Saturday, October 1, 2011

Let it begin with me

I spent some time today with an old friend of mine—she’s currently having challenges in her relationship with her brother, a man who’s struggled with addiction throughout his entire life.

In his worst moments, he’s verbally abusive to my friend and interacting with him is painful and leaves her feeling deeply wounded. Yet, through it all, she still sees the good in him when she looks beyond his disease, and she longs for a relationship.

What, she asked me, is her appropriate action for his upcoming birthday? He didn’t acknowledge hers until 10 days later, and only then with a text. There was no card, there was no phone call—just a brief message on her phone with the words, “Happy Birthday.”

I shared this story with my friend.

Growing up, my own relationship with my father mirrored that of my friend and her brother. My father was volatile—I seldom knew one moment from the next what to expect from him. In one moment, I would be a great son, his pride and joy—in the next, a complete abject failure, who could do no right in his eyes. His consistent inconsistency grew to even more wild extremes once he learned I was gay. And, in reaction, I let his attitudes toward me color mine toward him. I was not the son he wanted; and in turn, I believed he was not the father I wanted.

Age, experience, and time didn’t soften him much; I never knew when I would displease him. There was, it seemed, no correlation between my behavior and his response. Consequently, I spent much of my time locked in my head, frozen between action and inaction—wondering what the consequence of my actions would be from a man I loved despite his hardness, but who did not ever seem to love me in return.

I spent years yearning for the attention and approval of someone who was unwilling and unable to grant me those things. In my head, the list of qualities I was missing was seemingly endless; so I decided to sit down and itemize what I wasn’t getting, to get a better perspective on my own unhappiness in my relationship with my father. Respect, love, attention, affection, courtesy—the list was long, but once down on paper, it seemed almost manageable, almost recoverable.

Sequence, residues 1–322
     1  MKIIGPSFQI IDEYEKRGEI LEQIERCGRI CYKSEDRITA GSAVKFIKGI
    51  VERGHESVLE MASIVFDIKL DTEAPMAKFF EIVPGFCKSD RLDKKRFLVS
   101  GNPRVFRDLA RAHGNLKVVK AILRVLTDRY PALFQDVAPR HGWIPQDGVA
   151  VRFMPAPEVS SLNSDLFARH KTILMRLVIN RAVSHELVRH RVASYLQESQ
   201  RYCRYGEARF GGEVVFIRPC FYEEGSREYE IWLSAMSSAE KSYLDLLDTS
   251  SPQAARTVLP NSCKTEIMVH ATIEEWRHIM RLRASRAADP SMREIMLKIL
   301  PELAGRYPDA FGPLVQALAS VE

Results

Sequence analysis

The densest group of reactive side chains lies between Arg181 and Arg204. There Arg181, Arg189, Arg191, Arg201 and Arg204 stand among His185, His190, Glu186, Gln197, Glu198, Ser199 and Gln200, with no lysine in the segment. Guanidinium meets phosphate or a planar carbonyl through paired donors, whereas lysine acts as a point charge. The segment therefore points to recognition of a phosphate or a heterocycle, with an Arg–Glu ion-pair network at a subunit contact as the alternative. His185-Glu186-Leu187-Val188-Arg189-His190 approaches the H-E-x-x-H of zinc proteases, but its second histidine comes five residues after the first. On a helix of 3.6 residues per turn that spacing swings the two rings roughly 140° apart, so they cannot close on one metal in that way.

I shared my list of qualities I longed for with a wise and trusted friend. While he commended my courage and thoroughness, at the same time he told me I could bring all those things into my life, should I so choose. But there was a catch: I had to be willing to give it first, and become that which I wished to attract. For instance, was I good representation of respect, love, and the other qualities? Well, he suggested, if not, I certainly had a good list of goals already down on paper.

And he was right. I took his advice, and I let it begin with me. As I grew more kind, more compassionate, more loving, other people responded to the change. While I may never have gotten all the things I wanted from my father in the perfect order and way, our relationship, too, improved. Today, I can honestly say that all those qualities on my list exist in my life at some depth or another—and I can honestly say that as I improve, they also improve.  

We’ve long heard the analogy that tells us that our own attitudes often bounce back and return to us like a basketball rebounding off a backboard, and I know that to be true. And while I’m not the epitome of perfection in any regard, through staying close to my Savior, striving always to do what I understand His will for me to be, and living a genuine and honest life, I am becoming someone I would like to have in my life.

Through my own personal journey as an openly gay Mormon, I've had experiences that also mirror my relationship with my father--actions and words that cut, wound, and leave me and those like me, injured. But now, I look at it this way. I can't, in sincerity, ask the Mormon community to lend Christ-like compassion and kindness to the LGBTQ community without granting them that same degree of compassion--first. And as I do so, as I let it begin with me, I find softer hearts than I ever would otherwise. 

So, to my friend, my counsel was simple: Let it begin with me. Reach out in kindness, compassion, and respect. Many of us have found that as we do so, we in turn become magnets for these qualities ourselves—and like tipping the first domino, a chain reaction is set into motion where our lives—and the lives of those around us—become more richly blessed with the compassion our Savior would have us demonstrate. By overlooking the differences, the pain, and the wounds of the past and connecting with her brother in an honest, loving, and safe way, she would attract that which she sought.

And so can you.

Will it begin with you today?

“I remind you … that regardless of your present age, you are building your life; … it can be full of joy and happiness, or it can be full of misery. It all depends upon you and your attitudes, for your altitude, or the height you climb, is dependent upon your attitude or your response to situations” (in Conference Report, Oct. 1974, 112–13; or Ensign, Nov. 1974, 80).


  1. Anytime we take responsibility for our own feelings and circumstances, good things happen... Thanks Mitch.

  2. Yes, it begins with me. Living with an attitude of gratitude makes the difference.

  3. Well said, and a good reminder for all of us. thank you!

  4. Your words ring truth to me. Thank you for sharing.